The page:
What the architecture of City Hall communicates

A new book titled City Hall looks at the design of city hall across American communities:

“Our democratic heritage goes back to ancient Greece, and so it stands to reason that when America was born, so to speak, in the late 18th century, municipal buildings referred to the Greco-Roman architecture, with the pillars and pediments and cornices,” he says. But as the country matured, different forms of architecture began to emerge. “Then it becomes, ‘Do we still embrace the neoclassical style architecture, or do we start embracing our own time?’” he adds. (That argument more recently played out at the federal level, when former President Donald Trump tried to make neoclassical architecture the default style for all national buildings in his controversial “Making Federal Buildings Beautiful Again” effort.)…

In many of these examples, governments used their city halls to express civic pride, and to be “at the forefront of progressive building technologies and changing architectural styles,” architectural historian Thomas Mellins writes at the beginning of Drooker’s book…

Regardless of the architecture, there is a recognition among mayors and architects that municipal buildings are ultimately places for the people, and that the designs need to convey a message of approachability. In San Jose’s new city hall, which opened in 2005, Richard Meier’s postmodern design made extensive use of glass, making a statement about government transparency as well as energy efficiency. The building’s unusual three-part structure emphasized that theme: There’s the rotunda and the city council chamber, and in between them at the heart of the complex is an open plaza that then-mayor Ron Gonzales and his administration wanted toserve as the “people’s living room.”

Public or civic buildings present a unique opportunity to highlight particular values and create public space to be used and enjoyed. This can be done in a variety of architectural styles or forms, affected by trends in architecture, regional differences, the size of the community, the resources available, and more.

This reminds me of James Howard Kunstler’s critique of Boston’s City Hall, a building designed by noted architect I. M. Pei. Kunstler argues that the space is not inviting and not a worthy public space. The Brutalist architecture does not necessarily invoke warm fuzzies about local government.

In contrast, many suburban communities opt for modest city halls in either more traditional styles or simpler postwar forms. Many suburbanites like the idea of smaller local governments and the suburban structures can highlight tradition and/or efficiency.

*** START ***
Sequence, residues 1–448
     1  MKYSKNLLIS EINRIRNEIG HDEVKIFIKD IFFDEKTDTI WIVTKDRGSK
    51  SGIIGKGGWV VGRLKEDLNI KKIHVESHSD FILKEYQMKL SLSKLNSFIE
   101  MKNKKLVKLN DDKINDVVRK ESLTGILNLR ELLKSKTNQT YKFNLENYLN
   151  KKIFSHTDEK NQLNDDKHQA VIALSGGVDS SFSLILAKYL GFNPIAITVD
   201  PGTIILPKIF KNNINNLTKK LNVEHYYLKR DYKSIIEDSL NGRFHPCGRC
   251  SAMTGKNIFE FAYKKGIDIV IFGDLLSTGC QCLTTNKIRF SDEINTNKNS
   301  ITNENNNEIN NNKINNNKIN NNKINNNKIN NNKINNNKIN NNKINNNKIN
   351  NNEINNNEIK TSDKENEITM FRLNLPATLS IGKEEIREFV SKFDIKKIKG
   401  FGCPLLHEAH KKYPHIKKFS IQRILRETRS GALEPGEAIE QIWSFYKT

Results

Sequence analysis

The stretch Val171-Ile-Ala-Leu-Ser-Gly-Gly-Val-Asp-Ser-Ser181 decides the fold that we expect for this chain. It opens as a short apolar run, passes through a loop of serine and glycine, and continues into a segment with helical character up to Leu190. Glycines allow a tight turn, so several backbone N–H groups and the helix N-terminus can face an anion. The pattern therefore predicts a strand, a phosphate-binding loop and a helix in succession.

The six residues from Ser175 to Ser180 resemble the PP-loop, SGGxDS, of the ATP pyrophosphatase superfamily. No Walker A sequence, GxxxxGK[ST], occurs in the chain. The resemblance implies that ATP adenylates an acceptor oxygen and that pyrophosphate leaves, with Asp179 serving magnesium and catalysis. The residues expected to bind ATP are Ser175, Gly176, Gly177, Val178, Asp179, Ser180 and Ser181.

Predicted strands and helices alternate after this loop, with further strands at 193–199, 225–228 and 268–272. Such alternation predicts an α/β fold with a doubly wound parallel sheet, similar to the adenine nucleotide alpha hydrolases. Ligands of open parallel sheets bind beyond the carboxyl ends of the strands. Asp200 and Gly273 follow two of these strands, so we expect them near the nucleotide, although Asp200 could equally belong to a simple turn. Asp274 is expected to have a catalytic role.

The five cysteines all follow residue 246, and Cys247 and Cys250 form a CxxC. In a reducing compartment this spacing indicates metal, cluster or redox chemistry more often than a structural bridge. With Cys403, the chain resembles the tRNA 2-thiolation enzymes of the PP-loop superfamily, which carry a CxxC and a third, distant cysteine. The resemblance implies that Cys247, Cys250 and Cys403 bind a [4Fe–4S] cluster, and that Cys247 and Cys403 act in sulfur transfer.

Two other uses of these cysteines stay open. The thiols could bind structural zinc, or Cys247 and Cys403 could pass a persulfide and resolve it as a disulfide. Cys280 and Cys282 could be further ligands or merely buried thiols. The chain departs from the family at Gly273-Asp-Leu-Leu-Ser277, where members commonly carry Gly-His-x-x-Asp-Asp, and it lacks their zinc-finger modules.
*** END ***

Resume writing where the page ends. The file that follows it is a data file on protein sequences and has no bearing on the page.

West Chicago City Hall depicted on Google Street View.

Part of the approachability of these a city hall or civic building involves how well they fit with the surrounding landscape. A Brutalist building could be more approachable with lush greenery around it. A plain suburban city hall could be more inviting if it did not sit behind a large parking lot. More broadly, American communities would benefit from inviting public spaces that are connected to civic buildings.

Suburban budget cuts lead to volunteer opportunities

Many suburban communities have had budget difficulties in the last few years, leading to staffing cuts and other measures.

Naperville, Illinois, a prosperous Chicago suburb, had some similar issues. Because of some of the staffing cuts, the city is now looking for volunteers to help out at City Hall:

The pilot Municipal Volunteer Program is still accepting applications, said Community Relations Manager Nadja Lalvani, and has already drawn the interest of about a dozen people. Currently, the city is looking to fill a vacant front desk at city hall that used to be occupied by a greeter, but due to budget cuts, the position was eliminated…

The front-desk position at city hall will be the first volunteer opportunity opened to the public, Lalvani said. The greeter will be responsible for directing people to various parts of city hall, and could be trained to operate the phone switchboard in the future.

After the pilot period ends in six months, the city will evaluate the program. If all goes well, there could be more opportunities for volunteers.

Is a program like this only possible in generally well-off and well-run places like Naperville? How many citizens today would be willing to volunteer to help the local city government (as opposed to other volunteer opportunities or not volunteering at all)? Naperville does talk up its volunteer spirit so perhaps this ethos will come through and help the city fill a few positions.